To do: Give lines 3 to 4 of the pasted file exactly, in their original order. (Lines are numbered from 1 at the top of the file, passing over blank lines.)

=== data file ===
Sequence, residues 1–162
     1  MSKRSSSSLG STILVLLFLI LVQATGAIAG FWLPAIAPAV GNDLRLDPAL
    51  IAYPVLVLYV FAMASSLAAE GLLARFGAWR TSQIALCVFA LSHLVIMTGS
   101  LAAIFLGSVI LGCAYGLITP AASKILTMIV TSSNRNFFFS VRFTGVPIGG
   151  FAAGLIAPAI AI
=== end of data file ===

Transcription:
    51  IAYPVLVLYV FAMASSLAAE GLLARFGAWR TSQIALCVFA LSHLVIMTGS
   101  LAAIFLGSVI LGCAYGLITP AASKILTMIV TSSNRNFFFS VRFTGVPIGG